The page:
At Capgemini Consulting we’re betting big on Digital Transformation. Kennedy Vanguard and Consultancy.nl have recently ranked us as a top firm for digital transformation, and there’s the book Leading Digital by our Global Practice Leader Didier Bonnet. One of the frameworks that we’ve put forward is the Digital Transformation Matrix. The following chart shows the Digital Maturity of the Consumer Products and Retail subset compared to the overall Supply Chain Digital Maturity. In general, CPR isn’t doing too bad, but it’s not as if they are leading the pack.
If we look a bit deeper into the underlying categories of the SCOR model that’s been used to put these results together, there are some noteworthy observations:
- Supply Chain Planning processes score the highest in the CPR industry in terms of Digital Maturity
- This is mostly on the topics of (1) Inventory, and (2) Demand Planning
- Big Data initiatives have a rather low priority
In light of recent trends and developments this is – to say the least – surprising. On Gartner’s hype cycle for supply chain planning trends such as in-memory analytics, demand sensing, demand shaping, and machine learning are becoming more and more mature. This raises the question: “How mature is demand planning in the Consumer Products and Retail industry?”
Demand Planning Maturity
Using Purdue’s Demand Maturity Model that has been developed together with SAS, we have made an assessment of the Demand Planning Maturity within the CPR industry. Using publicly available data in combination with our own project experience we have mapped 10 of top performing CPR companies on the maturity model. Purdue’s Demand Maturity Model contains over 50 descriptors that can be used to assess the level of maturity related to four categories, notably (1) process, (2) systems, (3) performance, and (4) customer.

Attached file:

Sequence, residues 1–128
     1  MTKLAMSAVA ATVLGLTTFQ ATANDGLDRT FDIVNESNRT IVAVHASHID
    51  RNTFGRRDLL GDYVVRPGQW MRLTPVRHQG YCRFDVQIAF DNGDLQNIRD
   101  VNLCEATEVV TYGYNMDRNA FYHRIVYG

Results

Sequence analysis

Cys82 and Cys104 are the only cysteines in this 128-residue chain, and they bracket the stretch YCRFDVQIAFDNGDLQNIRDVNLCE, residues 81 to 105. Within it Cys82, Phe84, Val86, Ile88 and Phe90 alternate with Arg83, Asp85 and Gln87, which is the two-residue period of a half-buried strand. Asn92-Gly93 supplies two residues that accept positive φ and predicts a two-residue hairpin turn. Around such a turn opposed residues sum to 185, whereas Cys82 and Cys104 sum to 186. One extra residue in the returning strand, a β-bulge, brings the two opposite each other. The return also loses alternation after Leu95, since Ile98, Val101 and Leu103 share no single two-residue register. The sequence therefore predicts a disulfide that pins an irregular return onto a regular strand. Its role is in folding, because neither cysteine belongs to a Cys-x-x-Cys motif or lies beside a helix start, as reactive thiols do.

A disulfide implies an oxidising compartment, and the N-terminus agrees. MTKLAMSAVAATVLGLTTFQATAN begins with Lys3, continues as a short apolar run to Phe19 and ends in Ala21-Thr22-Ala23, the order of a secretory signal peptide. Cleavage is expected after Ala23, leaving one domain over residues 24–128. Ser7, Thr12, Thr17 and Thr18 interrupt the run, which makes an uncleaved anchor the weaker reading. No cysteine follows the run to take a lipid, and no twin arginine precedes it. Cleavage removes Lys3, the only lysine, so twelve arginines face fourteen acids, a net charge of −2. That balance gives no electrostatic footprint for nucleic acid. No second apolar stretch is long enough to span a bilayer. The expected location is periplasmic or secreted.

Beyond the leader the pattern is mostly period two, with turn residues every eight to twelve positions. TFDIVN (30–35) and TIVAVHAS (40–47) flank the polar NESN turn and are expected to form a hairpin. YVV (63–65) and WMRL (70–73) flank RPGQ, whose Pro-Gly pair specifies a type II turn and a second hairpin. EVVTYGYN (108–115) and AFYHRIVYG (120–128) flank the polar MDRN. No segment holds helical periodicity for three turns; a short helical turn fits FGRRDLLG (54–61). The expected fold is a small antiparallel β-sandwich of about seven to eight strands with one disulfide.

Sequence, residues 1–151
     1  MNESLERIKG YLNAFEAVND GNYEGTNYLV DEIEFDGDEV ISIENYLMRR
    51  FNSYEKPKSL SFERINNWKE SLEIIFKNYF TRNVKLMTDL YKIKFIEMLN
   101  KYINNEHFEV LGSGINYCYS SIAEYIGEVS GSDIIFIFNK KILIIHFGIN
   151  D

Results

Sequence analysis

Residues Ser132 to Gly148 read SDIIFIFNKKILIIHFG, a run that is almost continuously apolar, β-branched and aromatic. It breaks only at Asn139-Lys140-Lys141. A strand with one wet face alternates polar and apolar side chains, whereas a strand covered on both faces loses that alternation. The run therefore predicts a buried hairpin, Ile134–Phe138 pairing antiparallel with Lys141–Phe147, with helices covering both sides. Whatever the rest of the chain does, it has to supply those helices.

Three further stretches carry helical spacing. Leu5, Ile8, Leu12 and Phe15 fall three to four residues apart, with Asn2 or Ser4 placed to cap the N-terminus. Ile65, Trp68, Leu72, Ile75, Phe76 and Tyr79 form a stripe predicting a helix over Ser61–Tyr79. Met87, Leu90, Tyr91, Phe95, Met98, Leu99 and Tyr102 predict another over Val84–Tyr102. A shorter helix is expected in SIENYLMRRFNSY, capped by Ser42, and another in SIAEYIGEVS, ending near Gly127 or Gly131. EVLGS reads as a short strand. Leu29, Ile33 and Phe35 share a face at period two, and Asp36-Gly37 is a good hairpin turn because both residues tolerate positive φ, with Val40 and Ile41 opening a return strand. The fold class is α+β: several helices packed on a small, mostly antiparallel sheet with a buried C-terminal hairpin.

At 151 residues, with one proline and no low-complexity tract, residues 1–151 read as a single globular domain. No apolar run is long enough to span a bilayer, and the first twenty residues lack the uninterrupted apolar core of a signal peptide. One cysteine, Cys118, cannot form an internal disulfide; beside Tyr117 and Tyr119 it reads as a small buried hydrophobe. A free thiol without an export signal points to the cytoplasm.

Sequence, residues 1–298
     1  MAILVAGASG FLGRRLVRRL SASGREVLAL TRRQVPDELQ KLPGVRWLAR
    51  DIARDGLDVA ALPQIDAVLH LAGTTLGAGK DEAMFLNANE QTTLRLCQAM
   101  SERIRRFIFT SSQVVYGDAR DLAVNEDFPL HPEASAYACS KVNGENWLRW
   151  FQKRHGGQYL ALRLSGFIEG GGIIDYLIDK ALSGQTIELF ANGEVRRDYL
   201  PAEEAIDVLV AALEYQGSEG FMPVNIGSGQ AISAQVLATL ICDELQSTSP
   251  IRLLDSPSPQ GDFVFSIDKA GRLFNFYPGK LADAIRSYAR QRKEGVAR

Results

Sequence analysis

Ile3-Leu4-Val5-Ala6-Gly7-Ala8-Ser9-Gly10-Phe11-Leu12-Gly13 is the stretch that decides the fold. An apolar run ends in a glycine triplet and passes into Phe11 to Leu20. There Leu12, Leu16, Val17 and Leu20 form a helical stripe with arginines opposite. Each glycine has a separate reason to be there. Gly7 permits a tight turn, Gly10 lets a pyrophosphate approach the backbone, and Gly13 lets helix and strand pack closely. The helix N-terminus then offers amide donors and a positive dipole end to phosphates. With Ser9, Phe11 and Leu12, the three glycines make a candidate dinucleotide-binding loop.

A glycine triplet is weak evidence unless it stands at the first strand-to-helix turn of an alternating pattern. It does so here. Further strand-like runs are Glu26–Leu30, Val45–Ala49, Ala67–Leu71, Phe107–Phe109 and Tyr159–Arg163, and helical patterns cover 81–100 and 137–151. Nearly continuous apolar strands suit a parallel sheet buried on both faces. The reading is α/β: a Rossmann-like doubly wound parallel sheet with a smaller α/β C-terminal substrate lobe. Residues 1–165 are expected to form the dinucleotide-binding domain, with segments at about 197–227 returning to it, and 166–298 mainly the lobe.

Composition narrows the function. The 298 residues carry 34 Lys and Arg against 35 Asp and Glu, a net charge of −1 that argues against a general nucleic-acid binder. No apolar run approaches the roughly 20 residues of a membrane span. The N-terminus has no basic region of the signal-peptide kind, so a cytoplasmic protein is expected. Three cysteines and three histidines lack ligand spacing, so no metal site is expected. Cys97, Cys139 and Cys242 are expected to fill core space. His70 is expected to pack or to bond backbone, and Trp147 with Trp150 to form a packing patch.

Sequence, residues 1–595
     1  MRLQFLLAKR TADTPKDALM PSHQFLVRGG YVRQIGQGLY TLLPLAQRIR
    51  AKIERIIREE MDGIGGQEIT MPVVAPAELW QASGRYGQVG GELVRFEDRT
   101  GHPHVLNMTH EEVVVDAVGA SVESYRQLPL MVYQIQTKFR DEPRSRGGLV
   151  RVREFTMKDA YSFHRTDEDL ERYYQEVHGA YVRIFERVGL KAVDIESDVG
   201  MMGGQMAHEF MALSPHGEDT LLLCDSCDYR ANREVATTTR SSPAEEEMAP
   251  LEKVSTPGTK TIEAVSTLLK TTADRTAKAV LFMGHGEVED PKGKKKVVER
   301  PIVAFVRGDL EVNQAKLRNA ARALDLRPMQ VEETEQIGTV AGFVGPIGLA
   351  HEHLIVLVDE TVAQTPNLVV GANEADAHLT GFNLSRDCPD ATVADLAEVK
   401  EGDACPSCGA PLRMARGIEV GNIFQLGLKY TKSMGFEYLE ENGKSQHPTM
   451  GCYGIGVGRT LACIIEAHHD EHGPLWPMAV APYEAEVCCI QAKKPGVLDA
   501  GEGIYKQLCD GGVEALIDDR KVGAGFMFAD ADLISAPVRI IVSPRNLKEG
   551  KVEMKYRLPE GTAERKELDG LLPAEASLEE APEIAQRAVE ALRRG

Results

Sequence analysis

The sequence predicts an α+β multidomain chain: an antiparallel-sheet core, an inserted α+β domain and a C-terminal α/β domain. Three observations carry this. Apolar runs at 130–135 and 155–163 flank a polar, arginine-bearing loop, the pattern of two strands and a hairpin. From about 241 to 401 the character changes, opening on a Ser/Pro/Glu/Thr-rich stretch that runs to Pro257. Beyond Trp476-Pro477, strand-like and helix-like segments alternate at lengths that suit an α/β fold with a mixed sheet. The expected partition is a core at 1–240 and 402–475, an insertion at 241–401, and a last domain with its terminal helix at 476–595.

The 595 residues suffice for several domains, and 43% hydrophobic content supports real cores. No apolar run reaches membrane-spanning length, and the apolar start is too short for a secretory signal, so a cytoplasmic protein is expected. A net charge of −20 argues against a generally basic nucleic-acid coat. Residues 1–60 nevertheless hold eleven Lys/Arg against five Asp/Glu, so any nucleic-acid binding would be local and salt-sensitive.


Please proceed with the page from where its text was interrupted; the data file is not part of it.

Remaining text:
The Y-axis shows to what extent all of the descriptors have been met; varying on a range from 0% to 100%. For example, there are four descriptors defined for the Customer category with Improving maturity. A score of 3 or 4 puts a company in the High bracket (66%-100%).
- Demand forecast driving business plan.
- Forecast POS/customer demand.
- Integration of sales promotions, marketing activities and economic factors.
- Focus on customer service levels.
This assessment confirms that CPR companies are doing well in terms of maturity, but there’s room for improvement. If the best-in-class companies are moving into deployment of best practices and most of them haven’t (yet) managed to break through the High maturity threshold, it’s safe to assume that an entire industry (in our data set over 2500 companies) still have a long way to go.
What’s the right strategy?
Looking back at our Digital Transformation Matrix, this answers an important question. What route to take in becoming a Digirati? Theoretically, there are three:
- Fashionista Route
- Conservative Route
- ‘Bold and Bodacious’ Route
Obviously, the third is a daunting approach as it goes straight through the middle. Investing heavily in technology and reorganizing the organization simultaneously is only for the bold and bodacious. So that leaves two. The top performing CPR companies have already been investing in developing the required demand planning capability. These are already along the Fashionista Route. Further deployment and implementing of Digital Tools and Demand Planning capabilities is their next step in order to reach their goal of having best-practice demand planning capabilities in place.
Most of the others within the CPR industry have a difficult trade-off: invest in the capability (together with the IT to support that) or realign and digitize the organization first? Basically, there is no easy answer to this trade-off, but there’s a substantial benefit that has been described in one of our recent publications How Digital Leaders Outperform Their Peers in Every Industry. At Capgemini Consulting we’re more than happy to support you with making the right decision.
 Based on sales revenue and Return on Equity from Bloomberg GICS